J. Phys. IV France
Volume 104, March 2003
Page(s) 165 - 170

J. Phys. IV France
104 (2003) 165
DOI: 10.1051/jp4:200300054

Recent progress in X-ray optics at the ESRF

A. Freund

European Synchrotron Radiation Facility, BP. 220, 38043 Grenoble cedex, France

It is the task of x-ray optics to adapt the raw beam generated by modern sources such as synchrotron storage rings to a great variety of experimental requirements in terms of intensity, spot size, polarization and other parameters. The very high quality of synchrotron radiation (source size of a few microns and beam divergence of a few micro-radians) and the extreme x-ray flux (power of several hundred Watts in a few square mm) make this task quite difficult. In particular the heat load aspect is very important in the conditioning process of the brute x-ray power. Cryogenically cooled silicon crystals and water-cooled diamond crystals can presently fulfil this task, but limits will soon be reached and new schemes and materials must be envisioned. A major tendency of instrument improvement has a ways been to concentrate more photons into a smaller spot utilizing a whole variety of focusing devices such as Fresnel zone plates, refractive lenses and Systems based on bent surfaces, for example Kirkpatrick-Baez Systems. Apart from the resistance of the sample, the ultimate limits are determined by the source size and strength on one side, by materials properties, cooling, mounting and bending schemes on the other side, and fundamentally by the diffraction process. There is also the important aspect of coherence that can be both a nuisance and a blessing for the experiments, in particular for imaging techniques. Its conservation puts additional constraints on the quality of the optical elements. A review of recent progress in this field is given.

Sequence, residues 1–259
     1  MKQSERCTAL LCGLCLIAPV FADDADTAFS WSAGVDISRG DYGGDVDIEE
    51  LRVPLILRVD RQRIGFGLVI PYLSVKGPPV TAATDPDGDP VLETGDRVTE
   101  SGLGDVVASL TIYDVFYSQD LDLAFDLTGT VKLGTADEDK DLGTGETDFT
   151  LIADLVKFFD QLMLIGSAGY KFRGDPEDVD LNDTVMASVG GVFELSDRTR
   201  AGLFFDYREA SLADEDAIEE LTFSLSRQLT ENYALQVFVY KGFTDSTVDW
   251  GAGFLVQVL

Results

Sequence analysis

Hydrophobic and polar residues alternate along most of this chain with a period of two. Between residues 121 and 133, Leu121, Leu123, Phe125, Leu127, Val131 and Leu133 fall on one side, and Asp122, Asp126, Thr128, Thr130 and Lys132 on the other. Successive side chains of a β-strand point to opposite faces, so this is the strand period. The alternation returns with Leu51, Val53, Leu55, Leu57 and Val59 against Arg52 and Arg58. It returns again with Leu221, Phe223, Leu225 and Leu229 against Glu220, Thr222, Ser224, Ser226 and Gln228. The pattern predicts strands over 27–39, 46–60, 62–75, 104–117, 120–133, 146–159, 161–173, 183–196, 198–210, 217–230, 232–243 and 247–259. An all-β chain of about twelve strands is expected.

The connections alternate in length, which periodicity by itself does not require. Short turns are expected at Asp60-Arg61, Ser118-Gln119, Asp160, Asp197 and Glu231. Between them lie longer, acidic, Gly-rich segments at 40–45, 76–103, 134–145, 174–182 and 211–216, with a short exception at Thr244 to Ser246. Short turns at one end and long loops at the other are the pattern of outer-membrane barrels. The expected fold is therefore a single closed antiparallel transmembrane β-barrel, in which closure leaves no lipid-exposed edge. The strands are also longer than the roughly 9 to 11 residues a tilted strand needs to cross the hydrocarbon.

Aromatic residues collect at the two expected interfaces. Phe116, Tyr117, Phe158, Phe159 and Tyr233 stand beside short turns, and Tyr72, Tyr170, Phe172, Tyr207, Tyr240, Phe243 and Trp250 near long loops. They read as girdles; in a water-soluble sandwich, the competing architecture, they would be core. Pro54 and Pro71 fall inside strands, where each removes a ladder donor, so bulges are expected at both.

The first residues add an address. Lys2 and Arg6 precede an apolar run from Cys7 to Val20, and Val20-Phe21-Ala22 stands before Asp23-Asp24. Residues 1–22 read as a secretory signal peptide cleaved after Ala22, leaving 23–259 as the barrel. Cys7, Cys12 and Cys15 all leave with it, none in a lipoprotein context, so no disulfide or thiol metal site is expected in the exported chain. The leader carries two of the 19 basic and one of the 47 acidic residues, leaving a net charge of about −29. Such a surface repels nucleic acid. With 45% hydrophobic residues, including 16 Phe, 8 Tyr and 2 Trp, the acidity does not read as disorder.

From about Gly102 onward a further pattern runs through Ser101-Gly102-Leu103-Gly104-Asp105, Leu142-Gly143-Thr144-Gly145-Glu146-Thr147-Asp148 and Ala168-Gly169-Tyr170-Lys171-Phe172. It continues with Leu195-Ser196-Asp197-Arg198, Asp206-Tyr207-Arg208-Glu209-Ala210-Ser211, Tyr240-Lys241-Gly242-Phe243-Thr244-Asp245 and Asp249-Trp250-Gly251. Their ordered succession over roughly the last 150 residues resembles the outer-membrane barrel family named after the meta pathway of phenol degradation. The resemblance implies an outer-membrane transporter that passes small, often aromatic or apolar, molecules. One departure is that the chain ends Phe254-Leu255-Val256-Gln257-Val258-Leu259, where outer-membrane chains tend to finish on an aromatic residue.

© EDP Sciences 2003